Manu Adhitya Adisesha Agastya In New Zealand Maoris

Everything about Human migration started with Tsunami.

All world culture have reference to Tsunami or the Great Flood.

The  migration began.

Ancient Tamil literaure speaks of three Tsunamis.

And the land mass had a different look from what we know of  today.

We had two Super Continents Gondwana and Laurasia.

The landmass of India was connected most of Australia, Africa.

The legends and etymology of the cultures of the world point to Sanatana Dharma connection everywhere.

Now in this article we shall look into some of them  relating New Zealand.

References to Manu, Adhitya and Agastya are found in the Maori tribes of New Zealand.



‘The Gamilaraay or Kamilaroi (see below for other spellings) language is a Pama–Nyungan language of the Wiradhuric subgroup found mostly in south-east Australia. It was the traditional language of the Kamilaroi people, but is now moribund—according toEthnologue, there were only 35 speakers left in 2006, all mixing Gamilaraay and English.[6] However, there are thousands of people of mixed descent both within the native populations as well as immigrant populations, who identify themselves as Kamilaroi. Kamilaroi is also taught in some Australian schools.

The meaning of Southern Cross in the language is “meeting place under the Southern Cross’ .

Crux /ˈkrʌks/, located in the deep southern sky, is the smallest yet one of the most distinctive of the 88 modern constellations. Its name is Latin for cross, and it is dominated by a cross-shaped asterism that is commonly known as the Southern Cross. Although visible to the Ancient Greeks, it was seen as part of the constellation Centaurus, and not defined or accurately mapped till the 16th century.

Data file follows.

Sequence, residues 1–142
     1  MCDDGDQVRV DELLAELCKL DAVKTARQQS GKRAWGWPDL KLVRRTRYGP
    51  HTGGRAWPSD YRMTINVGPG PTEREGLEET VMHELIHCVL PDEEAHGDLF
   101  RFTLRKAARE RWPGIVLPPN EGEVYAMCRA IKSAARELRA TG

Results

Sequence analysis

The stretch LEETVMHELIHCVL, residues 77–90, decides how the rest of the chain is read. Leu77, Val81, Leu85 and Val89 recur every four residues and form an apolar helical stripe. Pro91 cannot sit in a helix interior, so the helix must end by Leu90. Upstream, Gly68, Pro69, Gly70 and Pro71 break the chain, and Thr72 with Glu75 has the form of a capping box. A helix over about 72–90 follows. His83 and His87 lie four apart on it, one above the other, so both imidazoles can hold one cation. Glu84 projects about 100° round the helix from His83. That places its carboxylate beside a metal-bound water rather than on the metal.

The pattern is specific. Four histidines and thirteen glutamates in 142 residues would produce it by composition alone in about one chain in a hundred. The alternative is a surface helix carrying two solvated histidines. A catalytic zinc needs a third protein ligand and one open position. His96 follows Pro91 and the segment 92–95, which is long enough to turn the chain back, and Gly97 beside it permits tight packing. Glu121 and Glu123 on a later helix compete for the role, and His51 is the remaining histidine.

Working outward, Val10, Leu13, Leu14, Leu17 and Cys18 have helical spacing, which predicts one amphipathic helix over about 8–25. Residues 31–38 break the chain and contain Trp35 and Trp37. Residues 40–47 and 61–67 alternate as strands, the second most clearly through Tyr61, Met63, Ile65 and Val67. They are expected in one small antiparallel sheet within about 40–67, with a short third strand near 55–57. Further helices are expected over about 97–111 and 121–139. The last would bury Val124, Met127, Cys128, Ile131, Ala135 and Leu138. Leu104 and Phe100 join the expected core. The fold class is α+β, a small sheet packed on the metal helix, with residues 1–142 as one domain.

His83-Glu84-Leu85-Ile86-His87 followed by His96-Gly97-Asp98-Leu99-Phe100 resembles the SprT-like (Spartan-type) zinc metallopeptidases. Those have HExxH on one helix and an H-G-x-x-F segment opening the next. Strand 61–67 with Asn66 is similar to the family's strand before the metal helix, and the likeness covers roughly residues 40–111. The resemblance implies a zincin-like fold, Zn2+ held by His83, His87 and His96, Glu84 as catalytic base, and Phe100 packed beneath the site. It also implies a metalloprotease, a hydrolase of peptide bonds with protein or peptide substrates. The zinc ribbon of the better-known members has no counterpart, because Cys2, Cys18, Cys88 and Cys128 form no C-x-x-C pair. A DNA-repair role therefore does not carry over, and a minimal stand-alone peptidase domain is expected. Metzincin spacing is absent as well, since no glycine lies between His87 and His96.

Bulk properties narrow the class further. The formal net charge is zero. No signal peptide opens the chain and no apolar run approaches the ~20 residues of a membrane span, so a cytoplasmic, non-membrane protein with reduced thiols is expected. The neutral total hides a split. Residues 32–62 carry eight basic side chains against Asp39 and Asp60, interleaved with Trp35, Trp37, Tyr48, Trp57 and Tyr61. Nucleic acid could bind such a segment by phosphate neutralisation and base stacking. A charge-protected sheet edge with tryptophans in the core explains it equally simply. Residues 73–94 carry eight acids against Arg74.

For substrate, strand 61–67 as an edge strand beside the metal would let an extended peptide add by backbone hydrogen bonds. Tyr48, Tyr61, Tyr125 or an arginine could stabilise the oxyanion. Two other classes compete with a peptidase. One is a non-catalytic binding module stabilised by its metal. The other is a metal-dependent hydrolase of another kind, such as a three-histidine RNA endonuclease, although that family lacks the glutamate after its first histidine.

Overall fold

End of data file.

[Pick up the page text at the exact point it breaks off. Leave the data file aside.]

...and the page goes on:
It is he Trishanku spoken of in Hinduism.

This star was used to point the South as the Pole Star was to identify the North by the Navigators.


The star Canopus which was used as a south polar star for ship navigation in the southern hemisphere, was named for Agastya Kumbhaja. That Kumbhaja star rises in March near the Southern Cross as the Indian Ocean becomes
calm before the monsoon trade winds begin blowing from India towards Asia. Agastya also means “from the mind of Indra and Shiva”. 2500 years ago, Agastya Kumbhaja was the uncle of Kaundinya in Tamil Nadu, and a Kaundinya prince ruled the first Hindu kingdom in Cambodia, 2000 years ago. Australia has names and legends of the Southern Cross, and Gamilari language has a word meaning “meeting place under the Southern Cross’. The South Pole is on the axis of Meru. Coombadjha is sacred to Bundjalung and Gambaingirr people.

I have posted an article as to how the Star Canopus validates the Puaranas and Tamil lterature.

Maori tribes have several names for Agastya/Canopus star:

Ariki= High born (one of the seven virtues of sages is high birth)

Atutahi, Aotahi = all these are corrupted form of AGATHI (ya)

Tapu = Tapas (penance).


Food is offered to the star as offering. This shows the respect and worship of Maoris.

One mythology says that Atutahi was left out of the basket when Tane wove it. This is a Hindu story where he was known to be born out of a pot (basket). Agastya is called Kumbha muni, Kalasi Suta, Ghatodbhava and Kumbha sambhava all meaning pot born or basket born. Atutahi sounds Agathi.

The Southrn Cross Star.jpg
The Southern Cross Star.

It is interesting to compare the veneration, worship, food offering and star status with that of the Hindu Agastya. Hindus also has his name in Sraddha mantra ( ancestor worship). Sanskrit saying praises him as the patron saint of the sailors:

Agastya In New Zealand.jpg
Agastya In New Zealand.

Agastyodaye jalani  prasidanti = when the star Agastya rises, the waters become calm.



Now, interestingly, our history states that around 1000AD, a “new wave” of Polynesian peoples arrived in New Zealand (Maoris), speaking the Malayo-Polynesian tongues. Coincidence they arrived the same time as the Tamil Navigators here?